So, your Mac is running out of storage. You try to figure out what’s taking up your disk space by clicking the Apple logo on the top-left of the screen, selecting About This Mac, and hitting the Storage tab.
To your surprise, you see a grey bar “System Data” that seems to occupy way more space than you think it should. In the example above, the System Data takes an astonishing 232 GB of precious storage.
Worse yet, you have no idea what’s included in “System Data” storage, because clicking the “Manage” button brings you to this System Information window… and the “System Data” row is greyed out.
Why does my Mac system require so much space? What does it contain? Is it safe to remove some of those system data files? How do I regain more storage space?
Questions like these may easily get to your head. Although my Mac now has a decent amount of free disk space and I tend not to store large files on my Mac these days, I’m always wary of files that are taking up more space than they should.
I have no idea why “System Data” is greyed out while “Documents,” “Music Creation,” “Trash,” etc. allow you to review the files based on size and type.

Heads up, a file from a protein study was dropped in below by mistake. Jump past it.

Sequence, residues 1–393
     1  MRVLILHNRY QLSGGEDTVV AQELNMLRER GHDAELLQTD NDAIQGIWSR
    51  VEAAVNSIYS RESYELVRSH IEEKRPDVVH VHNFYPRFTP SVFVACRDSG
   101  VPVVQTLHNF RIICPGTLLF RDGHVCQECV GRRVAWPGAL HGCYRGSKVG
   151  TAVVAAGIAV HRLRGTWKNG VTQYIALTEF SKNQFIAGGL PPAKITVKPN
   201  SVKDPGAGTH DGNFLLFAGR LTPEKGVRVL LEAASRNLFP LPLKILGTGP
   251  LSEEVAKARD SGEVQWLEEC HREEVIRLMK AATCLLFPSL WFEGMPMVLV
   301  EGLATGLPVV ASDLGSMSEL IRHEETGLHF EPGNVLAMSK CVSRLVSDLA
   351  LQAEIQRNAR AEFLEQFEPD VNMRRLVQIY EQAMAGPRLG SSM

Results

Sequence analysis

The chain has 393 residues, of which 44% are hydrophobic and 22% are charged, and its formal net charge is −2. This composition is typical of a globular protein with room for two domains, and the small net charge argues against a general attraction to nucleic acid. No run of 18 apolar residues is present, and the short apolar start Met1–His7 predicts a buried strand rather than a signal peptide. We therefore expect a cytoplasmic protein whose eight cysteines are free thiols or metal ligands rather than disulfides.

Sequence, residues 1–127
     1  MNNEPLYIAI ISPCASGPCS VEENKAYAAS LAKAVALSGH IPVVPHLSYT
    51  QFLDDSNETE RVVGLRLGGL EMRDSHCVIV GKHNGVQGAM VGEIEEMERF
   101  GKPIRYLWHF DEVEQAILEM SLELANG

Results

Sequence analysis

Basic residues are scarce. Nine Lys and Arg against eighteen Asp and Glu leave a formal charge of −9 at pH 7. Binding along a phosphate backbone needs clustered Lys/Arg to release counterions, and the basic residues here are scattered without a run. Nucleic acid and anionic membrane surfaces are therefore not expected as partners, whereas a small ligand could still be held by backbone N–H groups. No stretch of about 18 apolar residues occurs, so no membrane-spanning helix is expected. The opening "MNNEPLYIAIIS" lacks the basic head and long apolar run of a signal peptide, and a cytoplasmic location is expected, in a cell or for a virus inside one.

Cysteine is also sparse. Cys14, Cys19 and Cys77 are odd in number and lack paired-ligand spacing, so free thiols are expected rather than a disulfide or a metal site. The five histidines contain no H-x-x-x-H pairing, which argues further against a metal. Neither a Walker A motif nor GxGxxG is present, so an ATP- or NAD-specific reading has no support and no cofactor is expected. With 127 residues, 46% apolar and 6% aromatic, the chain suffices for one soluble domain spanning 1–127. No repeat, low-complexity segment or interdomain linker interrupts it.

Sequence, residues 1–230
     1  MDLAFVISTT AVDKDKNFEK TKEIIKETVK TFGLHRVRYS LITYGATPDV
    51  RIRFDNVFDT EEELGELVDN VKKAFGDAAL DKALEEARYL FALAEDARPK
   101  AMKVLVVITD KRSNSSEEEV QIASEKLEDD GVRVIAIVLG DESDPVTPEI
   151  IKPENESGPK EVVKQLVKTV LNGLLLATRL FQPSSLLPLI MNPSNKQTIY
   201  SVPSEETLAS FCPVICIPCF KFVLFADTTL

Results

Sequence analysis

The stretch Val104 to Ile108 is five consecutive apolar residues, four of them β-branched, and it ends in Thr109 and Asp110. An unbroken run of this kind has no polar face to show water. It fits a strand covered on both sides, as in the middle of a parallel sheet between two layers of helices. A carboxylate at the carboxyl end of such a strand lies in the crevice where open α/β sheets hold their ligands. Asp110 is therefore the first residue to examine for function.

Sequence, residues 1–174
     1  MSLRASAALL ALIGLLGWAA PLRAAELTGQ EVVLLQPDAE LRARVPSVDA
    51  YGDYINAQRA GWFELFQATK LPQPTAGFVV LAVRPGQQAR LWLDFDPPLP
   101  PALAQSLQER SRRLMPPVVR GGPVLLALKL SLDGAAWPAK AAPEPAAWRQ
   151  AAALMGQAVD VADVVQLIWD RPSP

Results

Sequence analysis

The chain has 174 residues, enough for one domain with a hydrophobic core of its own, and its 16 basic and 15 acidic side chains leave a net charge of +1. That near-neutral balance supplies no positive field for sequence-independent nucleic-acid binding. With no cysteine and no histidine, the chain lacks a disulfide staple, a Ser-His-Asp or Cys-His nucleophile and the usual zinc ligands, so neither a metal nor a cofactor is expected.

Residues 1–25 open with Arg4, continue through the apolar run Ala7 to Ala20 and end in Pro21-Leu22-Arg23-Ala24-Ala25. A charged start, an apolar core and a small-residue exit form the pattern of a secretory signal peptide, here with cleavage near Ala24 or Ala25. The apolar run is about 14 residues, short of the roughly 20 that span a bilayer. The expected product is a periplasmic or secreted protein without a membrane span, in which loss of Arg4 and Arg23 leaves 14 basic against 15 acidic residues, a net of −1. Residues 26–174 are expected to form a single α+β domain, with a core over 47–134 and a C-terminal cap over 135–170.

My hunch is that Apple does this on purpose to prevent users from deleting system files that could lead to serious issues.
Table of Contents
What is System Data on Mac?
During my research, I found many people report that Apple counts application leftovers (e.g. Adobe video cache files), disk images, plugins & extensions in the System Data category.
Since it’s greyed out and we are unable to click on that category for deeper analysis, we’ll have to use a third-party app to assist.
Note that CleanMyMac isn’t freeware, but the new “Space Lens” feature is free to use and it allows you to scan your Macintosh HD, and then show you an in-depth overview of what’s taking up disk space on your Mac.
Step 1: Download CleanMyMac and install the app on your Mac. Open it, under “Space Lens” module, first click the yellow “Grant Access” button to allow the app to access your Mac files and then select “Scan” to get started.
Step 2: Soon it’ll show you a folder/file tree and you can hover your cursor over each block (i.e. a folder). There you can find more details. In this case, I clicked “System” folder to continue.